Since the heart of this 800-page book is the tumultuous White House years, I can understand Alter’s writerly efficiency in getting there. But maybe because I still consider the Carter of the 1976 primaries the most inspiring presidential candidate of my lifetime, I wish Alter had slightly slowed the narrative pace to fully revel in the miracle of the nomination of a little-known one-term former governor of Georgia.
Don’t misunderstand—all the facts are there, including an appreciation of the role that the acid-dropping journalist Hunter Thompson played in giving Carter gonzo credibility. And there are many wonderful anecdotes, like Carter’s mother, Miss Lillian, saying, when her son announced his political plans, “President of what?” But I would like to have seen Alter deploy his sense of narrative drama (his recounting of the Camp David Accords, for example, is riveting) to fully develop the tension of the primaries, which featured such colorful characters as Mo Udall, probably the funniest man to ever seek the presidency, and Jerry Brown in his initial “Governor Moonbeam” phase.
The last third of the 20th century was probably the high-water mark of the ability of the leading newspapers, newsmagazines, and TV networks to set the political agenda for the nation. Reporters were freed from the constraints of stenography that had hamstrung the press before Vietnam, and there were not yet economic challenges to the dominance of the traditional media. As a result, no president suffered more from overhyped press criticism than Jimmy Carter.
If there was one incident that symbolized how star-crossed the Carter presidency became, it was the saga of the Killer Rabbit. In April 1979, while fishing on a pond during a visit to Plains, Carter encountered a swamp rabbit that angrily hissed at the Leader of the Free World. Four months later, the Associated Press reporter Brooks Jackson heard the story and wrote a lighthearted piece about it. The bunny tale proved irresistible and quickly became a metaphor for Carter’s seemingly feckless presidency. “Good-natured laughter turned into ridicule,” Alter notes, “with Carter’s ordinary flaws stretched into character defects and an innocuous fishing anecdote transformed into a symbol of incompetence.”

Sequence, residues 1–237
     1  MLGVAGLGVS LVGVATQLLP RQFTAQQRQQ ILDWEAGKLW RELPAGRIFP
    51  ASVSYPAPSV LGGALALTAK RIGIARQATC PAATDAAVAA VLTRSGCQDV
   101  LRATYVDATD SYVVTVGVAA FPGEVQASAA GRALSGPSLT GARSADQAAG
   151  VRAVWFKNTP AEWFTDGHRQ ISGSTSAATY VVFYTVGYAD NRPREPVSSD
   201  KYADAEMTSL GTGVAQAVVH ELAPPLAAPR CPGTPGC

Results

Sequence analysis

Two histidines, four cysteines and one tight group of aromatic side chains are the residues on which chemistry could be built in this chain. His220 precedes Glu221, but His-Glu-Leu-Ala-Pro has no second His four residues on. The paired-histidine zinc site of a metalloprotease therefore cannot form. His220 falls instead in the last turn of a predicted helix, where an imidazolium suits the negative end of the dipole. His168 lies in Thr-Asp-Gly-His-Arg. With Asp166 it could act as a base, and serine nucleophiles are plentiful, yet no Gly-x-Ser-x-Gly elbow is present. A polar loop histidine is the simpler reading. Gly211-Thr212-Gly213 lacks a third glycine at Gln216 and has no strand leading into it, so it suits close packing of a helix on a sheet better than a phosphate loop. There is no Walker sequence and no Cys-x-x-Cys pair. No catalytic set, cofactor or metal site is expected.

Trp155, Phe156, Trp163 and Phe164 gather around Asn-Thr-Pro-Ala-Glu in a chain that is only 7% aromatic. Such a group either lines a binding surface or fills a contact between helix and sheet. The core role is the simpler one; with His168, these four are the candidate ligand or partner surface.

Despite the way that Carter drove himself as president and in life, there was an underlying sloppiness to his administration. Part of it may have stemmed from the overconfident sense that Democrats, who had dominated Congress for decades, were America’s natural governing party. But some of the problems stemmed from Carter himself. He refused, as Alter points out, to have a White House chief of staff. The obvious choice for the job had been Charlie Kirbo, who had served in that role when Carter was governor. But Kirbo—one of Carter’s rare close friends who was a contemporary rather than a surrogate son—refused to move to Washington, preferring to consult from Georgia. As a result, Carter became taken with a spokes-on-a-wheel organizational model for the White House, in which young Georgians like Powell, Hamilton Jordan, and domestic adviser Stu Eizenstat reported to him. Finally, Jordan was given the chief of staff title in 1979, even though the political strategist was ill-suited to such a nuts-and-bolts administrative job.
Carter nonetheless had triumphs. The 1979 Camp David Accords, creating a lasting peace between Israel and Egypt, were a tribute to Carter’s perseverance, vision, and meticulous attention to detail. Which is why, in hindsight, it is stunning that the president failed to grasp the enduring importance of the Iranian revolution. Talking with Alter in one of the more than dozen interviews he granted for this book, Carter ruefully admits, “I didn’t see [it] as the major burning issue on which I needed to focus all my attention.”
Even after the beleaguered shah of Iran was preparing to flee to Egypt in January 1979, the major issue that dominated Carter’s Cabinet meeting was the firing of Bella Abzug as the unpaid chair of the National Advisory Committee on Women. (The Abzug incident was the centerpiece of an episode of Mrs. America, the critically lauded TV series about Phyllis Schlafly and the defeat of the Equal Rights Amendment.) Summarizing the president’s belated response to everything that was occurring in Iran even before the hostages were taken, Alter concludes, “Even granting how few options he had at this pivotal moment, Carter’s lack of diplomatic and clandestine imagination is striking.”